When we hit the spare change button on a vending machine we’re usually expecting something around the value of twenty pence to roll out into the slot. Coins can however be far more valuable than the amount stated on their exterior. Currency collectors often find themselves overly excited at the tiniest of details and will invest heavily into fulfilling their collecting urges.
Rare coins to look out for can generally be divided into two categories:
- Those intentionally made in small amounts- like the 250th anniversary commemoration of Kew Gardens 50p, which is well known in the coin-collecting community as the rarest British coin in general circulation.
- Those that come about because of a minting error- for example the Kansas State quarter, of which a small quantity were produced with the unfortunate text: ‘In God We Rust’.
It’s not always true that the less common-place a coin is, the more valuable it will be at auction. Any coin with an interesting story, or unusual quirk can do well. All you really need to know is what to look out for.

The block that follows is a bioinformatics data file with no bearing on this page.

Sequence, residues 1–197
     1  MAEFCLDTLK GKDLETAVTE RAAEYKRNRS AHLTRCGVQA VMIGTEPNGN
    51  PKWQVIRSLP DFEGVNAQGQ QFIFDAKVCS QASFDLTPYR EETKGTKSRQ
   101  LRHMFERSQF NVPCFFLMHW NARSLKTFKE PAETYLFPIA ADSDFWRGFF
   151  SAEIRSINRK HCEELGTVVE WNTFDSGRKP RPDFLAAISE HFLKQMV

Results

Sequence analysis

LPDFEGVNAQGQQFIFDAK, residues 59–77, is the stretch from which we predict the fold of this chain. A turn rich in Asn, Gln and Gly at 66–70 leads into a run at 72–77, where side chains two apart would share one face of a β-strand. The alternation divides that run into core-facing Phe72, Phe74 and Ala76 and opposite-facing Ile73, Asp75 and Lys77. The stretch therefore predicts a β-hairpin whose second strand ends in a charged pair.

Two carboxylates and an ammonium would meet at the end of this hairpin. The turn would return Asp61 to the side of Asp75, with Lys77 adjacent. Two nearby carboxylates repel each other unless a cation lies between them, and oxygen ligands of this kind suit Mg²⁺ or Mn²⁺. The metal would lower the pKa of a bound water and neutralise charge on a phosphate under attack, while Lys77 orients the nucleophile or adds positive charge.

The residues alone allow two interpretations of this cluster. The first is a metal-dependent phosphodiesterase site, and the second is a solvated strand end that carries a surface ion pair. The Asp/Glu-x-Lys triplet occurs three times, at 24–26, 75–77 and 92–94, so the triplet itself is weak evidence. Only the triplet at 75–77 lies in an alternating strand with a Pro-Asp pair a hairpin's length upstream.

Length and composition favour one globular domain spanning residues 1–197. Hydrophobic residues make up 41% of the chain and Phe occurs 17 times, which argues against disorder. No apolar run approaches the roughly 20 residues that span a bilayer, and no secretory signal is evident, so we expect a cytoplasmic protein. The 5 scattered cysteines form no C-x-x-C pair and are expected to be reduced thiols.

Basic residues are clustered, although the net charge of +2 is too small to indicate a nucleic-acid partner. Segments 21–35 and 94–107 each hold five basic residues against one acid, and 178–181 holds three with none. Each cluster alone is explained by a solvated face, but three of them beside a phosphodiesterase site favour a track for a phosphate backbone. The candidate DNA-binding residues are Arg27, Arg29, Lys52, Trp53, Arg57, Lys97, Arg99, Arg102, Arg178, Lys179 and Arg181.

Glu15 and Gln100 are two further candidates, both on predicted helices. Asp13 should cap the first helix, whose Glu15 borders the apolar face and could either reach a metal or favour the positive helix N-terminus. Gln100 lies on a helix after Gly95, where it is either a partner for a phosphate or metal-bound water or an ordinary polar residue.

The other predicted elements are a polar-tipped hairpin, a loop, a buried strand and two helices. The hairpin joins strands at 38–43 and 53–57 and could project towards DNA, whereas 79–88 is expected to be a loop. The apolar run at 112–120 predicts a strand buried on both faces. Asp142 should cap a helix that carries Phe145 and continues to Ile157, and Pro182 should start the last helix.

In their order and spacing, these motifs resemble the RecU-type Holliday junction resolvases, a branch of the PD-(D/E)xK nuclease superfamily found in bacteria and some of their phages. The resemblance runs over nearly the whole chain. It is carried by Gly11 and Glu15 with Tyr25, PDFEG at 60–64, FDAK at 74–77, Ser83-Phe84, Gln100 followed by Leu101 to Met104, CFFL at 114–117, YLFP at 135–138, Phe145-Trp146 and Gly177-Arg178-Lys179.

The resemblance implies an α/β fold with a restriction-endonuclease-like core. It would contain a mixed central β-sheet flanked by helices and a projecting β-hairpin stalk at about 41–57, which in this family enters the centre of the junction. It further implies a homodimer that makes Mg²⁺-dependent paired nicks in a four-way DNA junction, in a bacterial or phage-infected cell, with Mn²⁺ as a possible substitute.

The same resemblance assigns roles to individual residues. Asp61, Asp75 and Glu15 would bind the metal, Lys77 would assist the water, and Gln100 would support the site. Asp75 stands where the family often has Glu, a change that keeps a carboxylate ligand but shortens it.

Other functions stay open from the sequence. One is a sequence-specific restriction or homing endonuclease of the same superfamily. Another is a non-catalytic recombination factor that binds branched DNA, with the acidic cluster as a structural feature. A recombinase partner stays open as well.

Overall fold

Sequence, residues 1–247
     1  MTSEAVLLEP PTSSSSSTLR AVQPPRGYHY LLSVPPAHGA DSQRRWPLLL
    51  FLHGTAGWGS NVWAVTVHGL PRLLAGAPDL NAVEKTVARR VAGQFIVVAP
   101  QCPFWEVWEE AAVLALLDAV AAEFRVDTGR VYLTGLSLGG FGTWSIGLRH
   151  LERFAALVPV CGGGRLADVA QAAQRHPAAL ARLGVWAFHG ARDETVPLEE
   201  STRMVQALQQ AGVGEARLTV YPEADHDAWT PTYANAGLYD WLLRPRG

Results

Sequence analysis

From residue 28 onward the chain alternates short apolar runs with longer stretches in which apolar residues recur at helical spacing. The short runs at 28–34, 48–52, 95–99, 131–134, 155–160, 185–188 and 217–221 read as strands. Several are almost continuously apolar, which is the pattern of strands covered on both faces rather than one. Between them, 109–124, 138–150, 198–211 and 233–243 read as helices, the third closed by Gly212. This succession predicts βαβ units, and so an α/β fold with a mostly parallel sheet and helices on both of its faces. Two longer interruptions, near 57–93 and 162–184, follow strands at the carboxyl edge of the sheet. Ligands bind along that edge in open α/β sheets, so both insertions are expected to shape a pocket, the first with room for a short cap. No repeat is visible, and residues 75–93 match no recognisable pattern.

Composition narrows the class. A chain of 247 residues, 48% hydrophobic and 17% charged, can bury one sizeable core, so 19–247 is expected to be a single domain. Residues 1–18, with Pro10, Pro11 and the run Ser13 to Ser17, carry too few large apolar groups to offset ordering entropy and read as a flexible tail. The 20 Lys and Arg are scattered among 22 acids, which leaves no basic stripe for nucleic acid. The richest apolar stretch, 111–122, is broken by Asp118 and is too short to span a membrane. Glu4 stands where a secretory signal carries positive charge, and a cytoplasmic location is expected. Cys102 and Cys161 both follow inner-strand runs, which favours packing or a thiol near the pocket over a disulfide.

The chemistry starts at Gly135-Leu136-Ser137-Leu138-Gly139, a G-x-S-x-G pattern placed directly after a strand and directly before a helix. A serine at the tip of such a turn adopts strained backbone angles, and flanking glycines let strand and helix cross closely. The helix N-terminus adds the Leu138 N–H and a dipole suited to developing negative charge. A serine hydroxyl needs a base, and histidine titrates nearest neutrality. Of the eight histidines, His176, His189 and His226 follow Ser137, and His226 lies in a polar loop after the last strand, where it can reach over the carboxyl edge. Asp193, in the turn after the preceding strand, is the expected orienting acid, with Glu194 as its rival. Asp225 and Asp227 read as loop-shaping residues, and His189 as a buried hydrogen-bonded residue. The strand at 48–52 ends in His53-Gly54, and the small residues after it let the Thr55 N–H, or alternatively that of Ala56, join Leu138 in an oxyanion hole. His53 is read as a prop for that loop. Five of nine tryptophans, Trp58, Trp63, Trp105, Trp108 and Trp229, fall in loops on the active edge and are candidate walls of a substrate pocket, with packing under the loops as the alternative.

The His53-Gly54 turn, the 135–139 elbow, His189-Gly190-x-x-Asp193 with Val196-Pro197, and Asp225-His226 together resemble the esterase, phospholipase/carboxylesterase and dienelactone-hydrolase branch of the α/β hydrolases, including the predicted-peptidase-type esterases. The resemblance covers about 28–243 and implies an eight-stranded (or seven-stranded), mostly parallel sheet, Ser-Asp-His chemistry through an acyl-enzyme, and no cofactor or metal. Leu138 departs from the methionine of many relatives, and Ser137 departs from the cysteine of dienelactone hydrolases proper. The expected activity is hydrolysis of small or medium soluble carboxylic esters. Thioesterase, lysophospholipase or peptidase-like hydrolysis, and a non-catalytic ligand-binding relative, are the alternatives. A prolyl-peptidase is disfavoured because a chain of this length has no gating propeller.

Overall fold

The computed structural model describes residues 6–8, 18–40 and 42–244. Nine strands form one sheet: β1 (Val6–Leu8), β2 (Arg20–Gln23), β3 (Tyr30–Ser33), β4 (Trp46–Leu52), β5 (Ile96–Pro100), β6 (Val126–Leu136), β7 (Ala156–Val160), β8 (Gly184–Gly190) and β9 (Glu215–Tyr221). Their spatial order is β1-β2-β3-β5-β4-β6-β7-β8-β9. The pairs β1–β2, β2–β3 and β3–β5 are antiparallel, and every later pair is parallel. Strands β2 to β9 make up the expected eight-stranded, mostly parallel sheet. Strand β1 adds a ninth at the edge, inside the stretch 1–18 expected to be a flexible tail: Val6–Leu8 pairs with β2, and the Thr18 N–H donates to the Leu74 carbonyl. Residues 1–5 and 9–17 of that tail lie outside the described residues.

Fortunately for your future fortune, Express Vending’s research team have produced the following guide that you can use whether you’re home or abroad:
Ch-ch-ch-changes are afoot. In 2017 the Royal Mint will introduce a new twelve-sided one pound coin to wallets, pockets, purses, and gaps between sofa cushions across Britain. Not only is this a victory for Her Majesty’s Treasury, who can clamp down on the estimated £50 million counterfeit £1 coins currently in circulation, but it’s also a win for budding coin enthusiasts too.
Find a penny, pick it up, and then double check it against this handy chart. You never know your luck.